THE PLOT: Not long after 9/11, Ray (Chiwetel Ejiofor) and his colleagues at the Counter Terrorism Joint Taskforce in LA are tasked with keeping an eye on a mosque in the city. When a woman’s body is found in a dumpster by the mosque and it turns out the be the daughter of one of the team, obsession and the quest for justice take the team over.
THE VERDICT: ‘Secret in Their Eyes’ is a remake of a 2009 Argentinean film of the same name. Now, however, with the excellent Denis Villeneuve film ‘Prisoners’ so fresh in our minds, this remake feels a lot less fresh than it could.
Chiwetel Ejifor leads the cast as Ray; a tenacious man who is friends with the mother of the slain girl, and more than a little in love with one of his colleagues. Ejiofor does what he can with the role, and does his best to hold the film together and keep it engaging, but he is fighting against a script that feels familiar and underwritten at times. Nicole Kidman plays Claire – the woman Ray is so infatuated with – and actually has rather little to do, until one climactic scene that she manages fine. Julia Roberts plays jess, the mother of the murdered girl. Roberts’ performance is uneven but mostly relatable as she swings from hysteria to shock to rage over the death of her daughter. Alfred Molina, Dean Morris and Michael Kelly feature also.
Although the screenplay is based on the 2009 Argentinean film, a lot of the details and intrigue of the film has been changed or simply removed. Elements remain, but in moving the setting to the US, much has been lost along the way. The dialogue of the film is unremarkable, and many scenes and scenarios feel drawn out and uneven. As well as this, the tension of the film only rises in the final scene, making the events that went before seem flat and meandering.
Director Billy Ray coaxes solid enough performances from the cast of Secret in Their Eyes, but there are times when motivations seem fuzzy and meandering, which means it is hard to root for any of the characters in the end. The pacing of the film feels sluggish for much of the time, meaning everything feels like it takes an age to happen. That said, there is almost enough in Secret in Their Eyes to keep the audience engaged, although many will be wishing for the film to get a move on, and for an awkward scene involving Kidman’s sexuality to be cut entirely.
In all, ‘Secret in Their Eyes’ is a thin remake of an Oscar winning film. The cast do their best with the chances they get, but the film is uneven, badly paced and lacks atmosphere. ‘Secret in Their Eyes’ could have been an engaging thriller, but it lacks substance, strength and an engaging screenplay.
Review by Brogen Hayes
THE TRUTH COMMISSIONER (Ireland/12A/102mins)
Directed by Declan Recks. Starring Roger Allam, Sean McGinley, Ian McElhinney, Barry Ward, Ian Beattie, Conleth Hill, Madeline Mantock.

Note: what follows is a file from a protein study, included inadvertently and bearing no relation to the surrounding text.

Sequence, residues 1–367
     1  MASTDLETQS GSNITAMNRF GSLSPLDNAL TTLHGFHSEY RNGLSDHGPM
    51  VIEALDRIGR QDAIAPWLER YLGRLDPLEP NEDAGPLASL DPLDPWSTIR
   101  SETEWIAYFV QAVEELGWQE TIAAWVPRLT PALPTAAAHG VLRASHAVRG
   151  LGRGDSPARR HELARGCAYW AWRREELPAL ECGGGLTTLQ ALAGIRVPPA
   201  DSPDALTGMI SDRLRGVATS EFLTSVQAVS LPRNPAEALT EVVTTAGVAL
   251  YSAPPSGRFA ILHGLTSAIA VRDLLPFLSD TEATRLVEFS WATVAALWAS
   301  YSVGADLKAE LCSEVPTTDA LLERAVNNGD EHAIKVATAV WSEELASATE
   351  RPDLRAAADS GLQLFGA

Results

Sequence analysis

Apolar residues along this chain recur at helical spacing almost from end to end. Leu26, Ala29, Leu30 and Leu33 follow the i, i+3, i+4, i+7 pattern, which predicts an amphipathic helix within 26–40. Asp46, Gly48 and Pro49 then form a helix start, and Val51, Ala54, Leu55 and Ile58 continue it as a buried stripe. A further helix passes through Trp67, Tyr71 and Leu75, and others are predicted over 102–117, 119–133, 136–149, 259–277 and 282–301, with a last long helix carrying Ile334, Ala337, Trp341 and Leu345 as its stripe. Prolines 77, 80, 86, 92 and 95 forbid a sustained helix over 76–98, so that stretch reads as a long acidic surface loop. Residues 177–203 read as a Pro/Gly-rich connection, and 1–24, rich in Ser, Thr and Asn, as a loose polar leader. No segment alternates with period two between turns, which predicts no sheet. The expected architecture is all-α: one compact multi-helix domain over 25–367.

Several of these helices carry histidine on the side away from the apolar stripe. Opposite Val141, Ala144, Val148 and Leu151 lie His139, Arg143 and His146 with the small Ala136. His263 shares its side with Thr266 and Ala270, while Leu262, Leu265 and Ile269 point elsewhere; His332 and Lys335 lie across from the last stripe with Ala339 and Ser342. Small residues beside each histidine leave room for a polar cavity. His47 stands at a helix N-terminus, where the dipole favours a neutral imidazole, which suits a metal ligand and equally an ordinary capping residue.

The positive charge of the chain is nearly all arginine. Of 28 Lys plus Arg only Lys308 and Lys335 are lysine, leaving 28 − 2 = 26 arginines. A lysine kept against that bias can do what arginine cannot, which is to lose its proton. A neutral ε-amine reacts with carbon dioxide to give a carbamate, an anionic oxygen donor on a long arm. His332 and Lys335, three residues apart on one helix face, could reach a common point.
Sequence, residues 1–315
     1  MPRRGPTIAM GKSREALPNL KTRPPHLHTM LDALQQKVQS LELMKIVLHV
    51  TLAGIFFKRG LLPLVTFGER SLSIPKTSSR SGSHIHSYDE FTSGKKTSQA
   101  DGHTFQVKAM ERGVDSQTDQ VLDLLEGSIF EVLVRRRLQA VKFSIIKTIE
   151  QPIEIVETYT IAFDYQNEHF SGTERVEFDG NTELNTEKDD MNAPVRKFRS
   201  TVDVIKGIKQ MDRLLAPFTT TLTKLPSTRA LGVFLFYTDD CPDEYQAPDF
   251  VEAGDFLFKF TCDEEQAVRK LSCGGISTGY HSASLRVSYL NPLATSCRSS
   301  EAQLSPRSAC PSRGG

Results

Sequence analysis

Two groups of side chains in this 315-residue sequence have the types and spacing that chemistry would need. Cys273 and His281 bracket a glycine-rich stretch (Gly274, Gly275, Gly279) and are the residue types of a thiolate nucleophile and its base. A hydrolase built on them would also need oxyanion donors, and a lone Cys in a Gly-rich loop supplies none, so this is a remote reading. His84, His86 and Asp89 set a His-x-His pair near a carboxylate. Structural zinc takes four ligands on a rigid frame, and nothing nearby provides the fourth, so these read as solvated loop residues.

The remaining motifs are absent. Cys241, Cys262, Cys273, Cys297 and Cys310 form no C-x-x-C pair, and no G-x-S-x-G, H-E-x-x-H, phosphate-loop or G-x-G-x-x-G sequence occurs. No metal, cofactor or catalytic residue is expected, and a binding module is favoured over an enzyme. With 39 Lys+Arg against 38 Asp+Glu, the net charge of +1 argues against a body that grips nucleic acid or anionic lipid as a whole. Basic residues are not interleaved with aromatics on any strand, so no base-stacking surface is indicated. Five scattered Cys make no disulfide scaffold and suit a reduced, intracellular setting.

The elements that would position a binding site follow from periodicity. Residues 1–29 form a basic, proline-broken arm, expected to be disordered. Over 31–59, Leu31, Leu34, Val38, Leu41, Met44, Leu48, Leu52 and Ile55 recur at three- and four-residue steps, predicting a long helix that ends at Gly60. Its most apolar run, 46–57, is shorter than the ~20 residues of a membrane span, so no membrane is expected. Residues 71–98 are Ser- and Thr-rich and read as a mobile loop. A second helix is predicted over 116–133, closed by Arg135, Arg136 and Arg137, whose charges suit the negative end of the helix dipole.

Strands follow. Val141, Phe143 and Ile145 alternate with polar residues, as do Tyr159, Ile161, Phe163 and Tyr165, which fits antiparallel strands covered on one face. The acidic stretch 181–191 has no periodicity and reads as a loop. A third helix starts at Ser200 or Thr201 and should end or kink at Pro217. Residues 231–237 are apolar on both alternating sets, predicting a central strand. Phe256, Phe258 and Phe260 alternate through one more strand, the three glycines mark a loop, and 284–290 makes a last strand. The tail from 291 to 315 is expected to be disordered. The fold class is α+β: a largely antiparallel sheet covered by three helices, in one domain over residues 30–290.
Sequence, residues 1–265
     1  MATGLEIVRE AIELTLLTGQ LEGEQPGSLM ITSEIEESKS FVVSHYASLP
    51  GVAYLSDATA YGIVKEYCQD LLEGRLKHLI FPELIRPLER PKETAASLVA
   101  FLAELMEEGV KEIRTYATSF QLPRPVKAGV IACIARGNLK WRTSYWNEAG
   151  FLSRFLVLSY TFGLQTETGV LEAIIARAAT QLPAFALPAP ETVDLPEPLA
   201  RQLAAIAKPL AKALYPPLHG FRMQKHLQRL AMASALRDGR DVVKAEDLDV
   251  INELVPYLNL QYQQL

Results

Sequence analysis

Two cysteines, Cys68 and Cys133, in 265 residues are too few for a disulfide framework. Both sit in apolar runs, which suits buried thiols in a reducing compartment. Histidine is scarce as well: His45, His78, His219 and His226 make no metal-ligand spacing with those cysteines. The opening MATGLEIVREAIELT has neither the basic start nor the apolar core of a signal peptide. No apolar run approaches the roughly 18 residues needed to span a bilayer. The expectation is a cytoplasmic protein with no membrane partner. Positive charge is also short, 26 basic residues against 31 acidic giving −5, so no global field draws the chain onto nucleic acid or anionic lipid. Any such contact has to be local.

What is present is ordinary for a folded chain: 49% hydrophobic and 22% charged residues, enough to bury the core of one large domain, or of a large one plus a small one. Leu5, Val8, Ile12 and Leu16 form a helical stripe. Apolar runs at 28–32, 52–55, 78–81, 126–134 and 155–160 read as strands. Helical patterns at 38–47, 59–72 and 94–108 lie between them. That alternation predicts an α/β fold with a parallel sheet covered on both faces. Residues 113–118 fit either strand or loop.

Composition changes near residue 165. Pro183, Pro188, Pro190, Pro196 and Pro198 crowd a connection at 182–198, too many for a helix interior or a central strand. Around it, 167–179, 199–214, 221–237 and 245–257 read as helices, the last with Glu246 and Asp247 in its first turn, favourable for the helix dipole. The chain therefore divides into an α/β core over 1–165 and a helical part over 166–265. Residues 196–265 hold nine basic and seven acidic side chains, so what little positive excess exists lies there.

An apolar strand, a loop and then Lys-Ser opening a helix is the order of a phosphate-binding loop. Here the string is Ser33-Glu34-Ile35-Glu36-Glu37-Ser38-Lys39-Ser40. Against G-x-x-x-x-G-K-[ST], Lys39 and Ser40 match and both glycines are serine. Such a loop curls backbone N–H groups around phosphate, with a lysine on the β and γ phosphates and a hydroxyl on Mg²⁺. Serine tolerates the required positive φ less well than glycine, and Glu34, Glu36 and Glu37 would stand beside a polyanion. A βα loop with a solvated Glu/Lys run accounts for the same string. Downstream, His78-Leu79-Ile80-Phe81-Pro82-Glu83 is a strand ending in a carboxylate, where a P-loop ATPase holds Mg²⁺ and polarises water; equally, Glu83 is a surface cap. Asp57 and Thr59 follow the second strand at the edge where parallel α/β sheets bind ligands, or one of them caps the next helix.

THE PLOT: Arriving into Northern Ireland to chair the first-ever Commission For Truth And Reconcilliation, Henry Stanfield (Allam) has other concerns on his mind outside of peace, love and understanding between Protestants and Catholics. There’s the little matter of his adult daughter Emma (Hyde), and the fact that she has refused to talk to him for many years now. Having settled in Northern Ireland partly to get away from the man who she believes abandoned her and her mother, Emma is about to have a baby. It’s news to Henry, and when he finds that the men behind the men behind the wire threatening not only him but his family too should he push a little too hard for the actual truth, the pain and anguish felt by those standing before him in court daily hits home. Right to the heart of home.
THE VERDICT: Playing as both a political thriller and a ‘Lost In Translation’ mid-flight crisis, this earnest adaptation of David Parks’ earnest novel is one of those solid dramas that has all the signs of being designed and executed as primetime quality TV. And that’s because it was, this BBC commission’s jump to the big screen surprising director Declan Recks (‘Eden’, ‘The Clinic’) as much as everyone else involved.
Unsurprisingly, ‘The Truth Commissioner’’s big-screen adventure is a limited release one, being the kind of drama that will probably play better in the living room that the multiplex. There’s nothing inherently wrong with it, but, until that welcome rush of danger in the closing act arrives, there’s very little here that we haven’t seen before.
To the point that, one suspects Roger Allam actually travels to auditions now with his own attache case full of important political papers.
Review by Paul Byrne